Let's get this out of the way early: Spain are a really boring football team. They're a highly effective one, but they're incredibly dull to watch. If you disagree with me, I'll happily point to the string of 1-0 wins in knockout rounds, the hallmark of a side that values brutal efficiency over flair. When Xabi Alonso scored his 89th minute penalty against France on Saturday, it marked the first time Spain - the defending European and world champions, remember - had scored more than once in a knockout match since their 3-0 win against Russia four years ago.
The Spanish team we see in our minds is very different to the one implemented on paper. Whether you loved them or hated them, there's no doubting that Pep Guardiola's Barcelona played some absolutely breathtaking football at times. With Spain featuring the core of that time (sans Lionel Messi, admittedly), you'd have to imagine that they're fully capable of doing more or less the same thing, and that dream is where a lot of their support comes from.
Unfortunately, Spain as a fun team really are a figment of the world's collective imagination. Instead, they take one pillar of Guardiola's ethos - possession football as defensive football - and are using it to conquer the world.
Concede a goal against Spain and they win. Against France, Alonso's 17th minute header meant that they could spend the remainder of the match holding possession in midfield, forcing their opponents to chase mindlessly after the ball. Whenever they did win it, France were too exhausted to mount anything approaching a significant attack on Iker Casillas' goal, and their best chance (which still barely troubled Casillas) came from a well-struck set piece from Yohan Cabaye.
There are two main reasons that Vicente del Bosque's preferred playing style works so effectively in international tournaments. The first is that national teams are far, far less coordinated than their club counterparts, who are given years of training together, as opposed to a few short weeks. It's almost impossible to get the sort of understanding that teammates on club sides enjoy during the World Cup or the Euros, which is why managers love introducing partnerships of players already familiar with each other.
The second is that it's very hard to maintain a heavy press - the football term for applying continuous pressure on the ball in the hopes of forcing an error - for a full match. Only the fittest teams can manage it, and virtually nobody is at 100 percent after a nine-month club season. Since the press requires total coordination and massive amounts of fitness, nobody can do it to Spain, who are happy to pass the ball around the midfield triangle of Sergio Busquets, Xabi Alonso and Xavi Hernandez until time runs out.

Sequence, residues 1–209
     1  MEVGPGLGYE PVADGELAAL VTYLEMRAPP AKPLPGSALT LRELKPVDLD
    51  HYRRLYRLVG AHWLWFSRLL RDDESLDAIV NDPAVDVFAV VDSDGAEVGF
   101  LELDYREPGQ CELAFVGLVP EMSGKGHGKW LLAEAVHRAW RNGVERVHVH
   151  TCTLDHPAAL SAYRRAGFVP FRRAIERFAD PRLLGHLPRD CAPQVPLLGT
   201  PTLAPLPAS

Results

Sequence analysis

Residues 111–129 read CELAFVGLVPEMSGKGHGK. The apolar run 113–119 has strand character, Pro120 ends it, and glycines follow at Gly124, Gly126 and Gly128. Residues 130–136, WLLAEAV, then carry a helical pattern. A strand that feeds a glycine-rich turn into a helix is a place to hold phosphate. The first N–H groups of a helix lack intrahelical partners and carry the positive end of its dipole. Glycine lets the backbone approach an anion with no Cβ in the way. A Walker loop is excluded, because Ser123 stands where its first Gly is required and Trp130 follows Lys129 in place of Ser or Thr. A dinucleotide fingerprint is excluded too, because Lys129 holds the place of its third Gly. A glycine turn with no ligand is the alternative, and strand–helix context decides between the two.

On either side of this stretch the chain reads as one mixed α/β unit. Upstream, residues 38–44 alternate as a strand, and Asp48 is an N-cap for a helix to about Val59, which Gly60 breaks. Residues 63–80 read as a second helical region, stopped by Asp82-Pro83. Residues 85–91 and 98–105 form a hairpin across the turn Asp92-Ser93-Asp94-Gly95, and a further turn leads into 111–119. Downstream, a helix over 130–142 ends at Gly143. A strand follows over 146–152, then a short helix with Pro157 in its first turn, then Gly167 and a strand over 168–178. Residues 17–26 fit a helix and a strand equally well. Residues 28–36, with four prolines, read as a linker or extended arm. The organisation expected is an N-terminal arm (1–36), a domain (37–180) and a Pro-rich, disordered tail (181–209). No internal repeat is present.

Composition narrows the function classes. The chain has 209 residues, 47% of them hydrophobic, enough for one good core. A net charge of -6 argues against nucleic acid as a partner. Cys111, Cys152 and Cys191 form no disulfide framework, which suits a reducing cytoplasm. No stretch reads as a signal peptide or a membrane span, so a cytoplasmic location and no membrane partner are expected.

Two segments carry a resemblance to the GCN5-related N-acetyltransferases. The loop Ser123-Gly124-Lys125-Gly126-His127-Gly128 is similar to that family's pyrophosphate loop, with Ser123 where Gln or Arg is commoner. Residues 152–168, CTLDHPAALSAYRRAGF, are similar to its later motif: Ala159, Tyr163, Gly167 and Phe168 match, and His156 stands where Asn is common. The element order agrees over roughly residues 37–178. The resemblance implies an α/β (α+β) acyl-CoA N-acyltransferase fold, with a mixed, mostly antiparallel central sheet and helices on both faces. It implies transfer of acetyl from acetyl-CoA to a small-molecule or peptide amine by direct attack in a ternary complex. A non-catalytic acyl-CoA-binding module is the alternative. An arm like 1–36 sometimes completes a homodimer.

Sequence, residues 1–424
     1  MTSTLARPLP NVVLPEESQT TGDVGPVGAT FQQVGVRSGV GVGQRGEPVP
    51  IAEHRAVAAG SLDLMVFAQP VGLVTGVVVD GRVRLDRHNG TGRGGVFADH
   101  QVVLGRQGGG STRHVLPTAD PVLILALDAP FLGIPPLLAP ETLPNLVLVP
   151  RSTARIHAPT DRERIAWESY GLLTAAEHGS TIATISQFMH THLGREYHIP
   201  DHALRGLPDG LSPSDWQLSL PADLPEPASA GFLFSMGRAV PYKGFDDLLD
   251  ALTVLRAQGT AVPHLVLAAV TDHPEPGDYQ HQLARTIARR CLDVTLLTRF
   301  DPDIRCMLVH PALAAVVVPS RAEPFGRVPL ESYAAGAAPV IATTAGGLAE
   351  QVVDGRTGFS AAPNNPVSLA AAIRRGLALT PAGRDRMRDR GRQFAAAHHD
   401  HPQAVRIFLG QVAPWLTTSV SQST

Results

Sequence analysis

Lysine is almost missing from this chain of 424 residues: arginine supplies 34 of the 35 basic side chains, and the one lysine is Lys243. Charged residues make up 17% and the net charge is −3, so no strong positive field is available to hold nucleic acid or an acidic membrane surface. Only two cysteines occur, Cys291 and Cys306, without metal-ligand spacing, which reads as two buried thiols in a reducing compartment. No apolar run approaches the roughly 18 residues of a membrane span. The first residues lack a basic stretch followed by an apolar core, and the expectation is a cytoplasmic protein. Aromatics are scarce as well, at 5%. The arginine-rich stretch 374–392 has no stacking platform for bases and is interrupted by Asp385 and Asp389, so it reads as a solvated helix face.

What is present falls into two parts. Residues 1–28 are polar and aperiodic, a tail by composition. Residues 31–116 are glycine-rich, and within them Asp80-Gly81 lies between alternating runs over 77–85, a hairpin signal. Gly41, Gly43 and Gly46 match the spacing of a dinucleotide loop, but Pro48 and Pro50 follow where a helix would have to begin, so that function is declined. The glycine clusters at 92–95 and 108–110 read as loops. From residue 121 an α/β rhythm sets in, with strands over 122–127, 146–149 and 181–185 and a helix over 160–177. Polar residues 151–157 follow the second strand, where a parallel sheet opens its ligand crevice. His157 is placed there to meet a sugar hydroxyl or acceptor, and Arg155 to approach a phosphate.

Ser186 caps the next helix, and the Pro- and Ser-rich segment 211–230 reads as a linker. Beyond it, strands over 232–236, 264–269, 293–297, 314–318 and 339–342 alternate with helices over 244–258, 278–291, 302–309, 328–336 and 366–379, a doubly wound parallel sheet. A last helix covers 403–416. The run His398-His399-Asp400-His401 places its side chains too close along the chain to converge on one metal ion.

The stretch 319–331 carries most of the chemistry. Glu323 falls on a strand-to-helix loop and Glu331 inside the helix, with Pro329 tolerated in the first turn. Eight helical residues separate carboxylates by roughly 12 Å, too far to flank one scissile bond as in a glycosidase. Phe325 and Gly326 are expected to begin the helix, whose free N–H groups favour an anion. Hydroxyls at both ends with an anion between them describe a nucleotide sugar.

And nobody has been able to stop them so far.
Sure, del Bosque could apply a Barcelona-ish system of beautiful, continuously-attacking football, but he faces the same problem all other international managers do. Attacking like Barcelona requires ludicrous coordination, and Spain simply don't have the time to develop that coordination for this tournament. Developing a more defensive strategy is easier, and having your whole strategy revolve around 'create passing triangles in midfield' makes life fairly simple.
There are problems here, of course. Spain seem to be content to let their players attack as they will, assuming that a goal will eventually come from somewhere. When this happens early, it's great. When it doesn't, like against Italy or Croatia this year, the match gets very dicey. Playing for a 1-0 win also runs the risk of a major error derailing the whole match. One mistake by Casillas could, in theory, undo all of their good work. But Spain, somehow, seem to have overcome this issue - by the time their semifinal with Portugal comes around, it'll have been six years since they've conceded a goal in a knockout round.
But until and unless someone actually gets around to either holding them to a 0-0 draw and knocking them out on penalties or takes advantage of a defensive error to snatch a goal against the run of play, del Bosque will continue to play a system whose ugly, timid looks disguise the closest thing to a ruthless killing machine in international football.
Sure, they could play better, more effective football. They could definitely play more watchable football and win as many games. But really, why bother?